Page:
Esme, My Love (2023)
Esme, My Love (2023)

Genre: Thriller Running Time: 1 hr. 45 min.

Release Date: March 12th, 2023 MPAA Rating: Not Rated

Director: Cory Choy Actors: Audrey Grace Marshall, Stacey Weckstein

 


 

“W

here are we going?” In an effort to get her daughter some fresh air, Hannah (Stacey Weckstein) drives little Esme (Audrey Grace Marshall) to their abandoned farm, where there’s a refreshing lake and forest. Esme hasn’t been before and she isn’t interested, nor does she feel like it would be beneficial. Nevertheless, Hannah is insistent, answering questions sparingly and with cryptic details. “I just want to go home.”

Something sinister is afoot, as flashbacks reveal shots of someone underwater, while another person drags a shovel and hefts a knife. And Hannah reiterates that she would never intentionally hurt her daughter – a comment that can’t stand alone without raising questions as to why it would need to be said. The cinematography feels as if a horror film, particularly on the drive, betraying Hannah’s nervousness; her glances toward the backseat where young Esme sleeps unaware; and her recklessness as the darkness allows her thoughts to wander, ignoring traffic. And once they arrive, though it’s daylight, the eerie quietness and solitude suggest that at any moment, something unanticipated and striking might occur. The camera also continues to capture unsettling imagery and angles; invasive close-ups on eyes, over-the-shoulder shots as if someone is spying from nearby, and inserts of a mirror’s unreal reflections or crackling fire or gloomy fog or aerial views of canopy disengagement – further reenforcing the twosome’s isolation.

Sound effects also disrupt the tranquility (though a soundtrack with gentle woodwinds, cheery vocals, and casual humming intermittently counters the mood), hinting at the bleakness and trauma lurking beneath the surface of an ostensibly peaceful, nature getaway. A mystery surrounding a relative named Emily soon pops up, adding to the aggravation of Hannah’s tight-lipped attitude; one would think that Esme would be mortified to enter a rundown basement, armed only with flashlights, with the goal of randomly digging into the earth. And her distrust should accelerate when Hannah feeds her rotten peaches. “I thought we had a little more time.”

While the technical elements are exceptional, from the camerawork to the editing to the color scheme to the framing, the numbing dearth of answers is routinely exasperating. Is this a film about a tragic past? A life getting cut short? Untamable guilt and regret manifesting themselves as demons? Complex bonding between mother and daughter? Or a tortured ghost returning for some vengeful haunting and otherworldly possession? If it were all building to ghoulish shocks, the journey might be rewarding; but by following a path of compounding ambiguities, the straightforward drama that emerges tends to be disappointing. If ultimate revelations – which are thoroughly obscure – don’t match the creeping dread, the result will be general indifference.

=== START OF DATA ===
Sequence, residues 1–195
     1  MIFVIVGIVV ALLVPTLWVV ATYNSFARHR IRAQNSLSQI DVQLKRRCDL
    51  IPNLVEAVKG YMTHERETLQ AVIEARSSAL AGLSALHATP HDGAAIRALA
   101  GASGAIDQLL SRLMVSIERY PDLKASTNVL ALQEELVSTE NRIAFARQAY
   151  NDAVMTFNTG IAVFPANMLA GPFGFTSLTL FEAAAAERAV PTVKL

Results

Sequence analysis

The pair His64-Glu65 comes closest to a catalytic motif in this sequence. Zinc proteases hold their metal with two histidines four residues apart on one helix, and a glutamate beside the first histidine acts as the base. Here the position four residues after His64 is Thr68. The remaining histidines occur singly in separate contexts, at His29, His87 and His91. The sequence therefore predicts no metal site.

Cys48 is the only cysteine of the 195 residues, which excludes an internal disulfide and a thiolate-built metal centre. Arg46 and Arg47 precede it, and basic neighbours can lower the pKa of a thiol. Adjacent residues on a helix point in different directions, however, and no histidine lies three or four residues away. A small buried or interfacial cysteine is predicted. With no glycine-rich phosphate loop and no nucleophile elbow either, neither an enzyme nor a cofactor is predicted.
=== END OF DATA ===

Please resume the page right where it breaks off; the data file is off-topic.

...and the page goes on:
“Are we going home?” As the murky tone continues to switch back and forth, alternating serene vacationing with phantasmal jump-scares, it’s at least a testament to the premise that the events are interesting even with considerably limited settings, minimal dialogue, and just two actors (both of whom are excellent). The plot may not move forward with enough clues to keep audiences guessing (or, rather, for them to care to keep guessing), but it’s nevertheless handled with sincerity and a certain absorbing strangeness. Realism may be fleeting, especially surrounding Esme’s reactions to her distracted, enigmatic parent (and her braveness in the face of chilling encounters, chiefly inside a creepy old house), but the gentle descent into ominous unease – bordering on child abuse – is morbidly engaging (adults behaving irrationally and unexpectedly around powerless kids is a classic formula for thrills).

Unfortunately, “Esme, My Love” doesn’t fully embrace its potential for horror; even with standard sequences of supernatural frights, complete with nerve-jangling strings and percussion and an amplifying hysteria, it never truly goes off the rails. Had it done so, it might have been electrifying; instead, it’s only lightly disturbing and mostly confusing (or frustrating), with unhurried pacing (shots of environmental backgrounds and scenery are far too numerous), an unclear message, and a conspicuous repetition that indicates not quite enough material for a feature film. “Just tell me what you know!”

– Mike Massie

  • 5/10